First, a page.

• Limit your intake – While being informed is important, no-one is asking you to become a Covid-19 expert. Staying glued to the news gives you more reasons to worry about things you can’t control. Limit your exposure to 10 minutes a day, and take control of your social media feeds by following more accounts and pages that make you feel good. If someone you follow on social media is sharing posts that are alarmist or worrying, just mute or unfollow them to avoid seeing their updates.
  • Keep things in perspective – Take a breath and remember that most people contracting COVID-19 will experience mild symptoms. Meanwhile, work is being done to help people who may be more vulnerable to the coronavirus, including senior citizens and those with underlying health conditions. By taking all the recommended precautions, including washing your hands and practising social distancing, you’re doing everything in your power to minimise your chances of getting sick. That in itself should bring peace of mind.
  • Appreciate the little things – Even in this current climate, there are still small moments to savour. The smell of coffee, the feeling of fresh sheets on your bed, and so on. When you let yourself truly absorb these moments, you’re allowing your brain to process the pleasure, which may boost your serotonin – the happy neurotransmitter that helps lift your mood and make you feel calm.
  • Finish your day on a positive – End each day by noting down something positive you created, learned or are thankful for. It may help counteract some of the negativity you’ve absorbed during the day and serve as a reminder that not everything is as bad as it seems.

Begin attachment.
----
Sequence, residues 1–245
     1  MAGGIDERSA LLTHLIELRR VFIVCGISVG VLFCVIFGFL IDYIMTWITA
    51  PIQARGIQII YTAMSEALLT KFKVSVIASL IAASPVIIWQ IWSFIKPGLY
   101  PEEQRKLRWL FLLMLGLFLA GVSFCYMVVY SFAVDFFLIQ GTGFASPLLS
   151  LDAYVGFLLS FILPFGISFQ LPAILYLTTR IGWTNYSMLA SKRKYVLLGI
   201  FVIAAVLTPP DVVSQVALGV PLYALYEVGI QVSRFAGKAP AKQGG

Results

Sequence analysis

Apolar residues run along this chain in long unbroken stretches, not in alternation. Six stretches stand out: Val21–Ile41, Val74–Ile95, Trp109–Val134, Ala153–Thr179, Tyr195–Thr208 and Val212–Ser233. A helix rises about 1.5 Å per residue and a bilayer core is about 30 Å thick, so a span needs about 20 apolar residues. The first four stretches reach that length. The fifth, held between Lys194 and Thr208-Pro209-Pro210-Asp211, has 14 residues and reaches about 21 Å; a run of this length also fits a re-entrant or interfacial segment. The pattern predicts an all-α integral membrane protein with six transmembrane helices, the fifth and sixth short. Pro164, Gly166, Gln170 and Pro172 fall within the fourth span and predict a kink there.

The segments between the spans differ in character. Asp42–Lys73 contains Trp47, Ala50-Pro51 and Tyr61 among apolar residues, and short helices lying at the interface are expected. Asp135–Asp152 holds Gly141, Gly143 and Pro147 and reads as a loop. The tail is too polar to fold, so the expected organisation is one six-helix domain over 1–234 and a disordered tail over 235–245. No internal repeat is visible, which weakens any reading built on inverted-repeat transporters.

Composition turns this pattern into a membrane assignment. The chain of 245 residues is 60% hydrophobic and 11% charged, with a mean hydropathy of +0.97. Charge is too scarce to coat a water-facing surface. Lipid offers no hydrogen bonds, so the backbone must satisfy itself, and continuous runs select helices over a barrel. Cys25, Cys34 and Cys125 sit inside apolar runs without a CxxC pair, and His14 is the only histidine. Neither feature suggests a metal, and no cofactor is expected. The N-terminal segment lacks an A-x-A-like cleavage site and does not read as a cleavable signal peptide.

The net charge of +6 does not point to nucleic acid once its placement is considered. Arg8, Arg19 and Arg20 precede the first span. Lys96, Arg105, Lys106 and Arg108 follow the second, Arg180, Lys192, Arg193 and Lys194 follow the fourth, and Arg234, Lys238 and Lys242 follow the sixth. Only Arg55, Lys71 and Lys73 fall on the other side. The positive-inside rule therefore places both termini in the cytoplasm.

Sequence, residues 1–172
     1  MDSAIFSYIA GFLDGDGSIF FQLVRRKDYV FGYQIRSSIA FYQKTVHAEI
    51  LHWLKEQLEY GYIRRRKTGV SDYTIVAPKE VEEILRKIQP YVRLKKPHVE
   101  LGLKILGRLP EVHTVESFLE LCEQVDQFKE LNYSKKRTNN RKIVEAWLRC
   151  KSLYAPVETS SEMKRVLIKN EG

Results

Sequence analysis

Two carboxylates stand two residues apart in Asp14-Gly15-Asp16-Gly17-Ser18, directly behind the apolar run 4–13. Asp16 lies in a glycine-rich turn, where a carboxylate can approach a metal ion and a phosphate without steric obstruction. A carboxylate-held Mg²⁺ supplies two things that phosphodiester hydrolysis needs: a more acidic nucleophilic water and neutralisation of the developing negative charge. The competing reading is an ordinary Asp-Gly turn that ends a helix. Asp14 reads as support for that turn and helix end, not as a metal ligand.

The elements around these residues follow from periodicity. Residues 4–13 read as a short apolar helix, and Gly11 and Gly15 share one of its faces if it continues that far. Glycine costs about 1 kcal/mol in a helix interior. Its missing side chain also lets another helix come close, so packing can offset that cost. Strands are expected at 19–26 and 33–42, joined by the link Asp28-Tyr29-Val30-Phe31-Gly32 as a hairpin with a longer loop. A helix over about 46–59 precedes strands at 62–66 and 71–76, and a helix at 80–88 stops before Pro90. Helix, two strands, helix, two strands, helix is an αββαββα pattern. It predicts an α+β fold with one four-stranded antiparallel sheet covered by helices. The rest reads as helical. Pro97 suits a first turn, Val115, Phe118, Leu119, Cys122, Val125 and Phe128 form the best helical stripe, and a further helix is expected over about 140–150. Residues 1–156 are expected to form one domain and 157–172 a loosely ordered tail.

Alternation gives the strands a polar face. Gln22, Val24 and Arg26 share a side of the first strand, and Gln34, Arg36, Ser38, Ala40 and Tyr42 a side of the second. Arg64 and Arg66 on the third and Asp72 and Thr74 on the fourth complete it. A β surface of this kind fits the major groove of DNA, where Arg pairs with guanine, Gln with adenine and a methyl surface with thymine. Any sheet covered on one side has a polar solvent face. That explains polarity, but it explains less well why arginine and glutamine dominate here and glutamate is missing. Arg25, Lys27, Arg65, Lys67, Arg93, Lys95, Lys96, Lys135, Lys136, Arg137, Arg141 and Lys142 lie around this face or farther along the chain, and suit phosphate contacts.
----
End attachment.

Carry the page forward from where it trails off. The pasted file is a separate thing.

In times of persistent negative messaging, it’s up to you to cultivate a negativity shield that will help you move forward with determination, optimism and hope. Do as many things as you possibly can that are uplifting, stress-relieving and laughter-inducing. For sure, life may be tough right now, but a positive, proactive mindset will help get us through this in one piece.



Eva Killeen

Published Health & Wellness Writer | Nutritional Therapist Dip ION, BSC

I am a professional copywriter, with vast experience in marketing and communications in the field of nutrition and wellness. I have contributed to a number of leading publications, including Cosmopolitan, Woman’s Health, Veggie Magazine, Simply Vegan, Plantbased Mag, Natural health Magazine and Vegan Food & Living.

I have years of experience as a web content creator and marketing manager, for websites receiving over 100,000 monthly hits. I was solely responsible for SEO for this site and a number of others. I had responsibility for generating a weekly newsletter which had a nutritional focus.

My areas of interest are nutrition, wellness, sustainability and all things eco-friendly. I am an allrounder and enjoy all aspects of business such as building websites, SEO, business development and marketing.strategy.

Qualifications: I am a qualified Nutritional Therapist with a higher degree in Marketing and Management.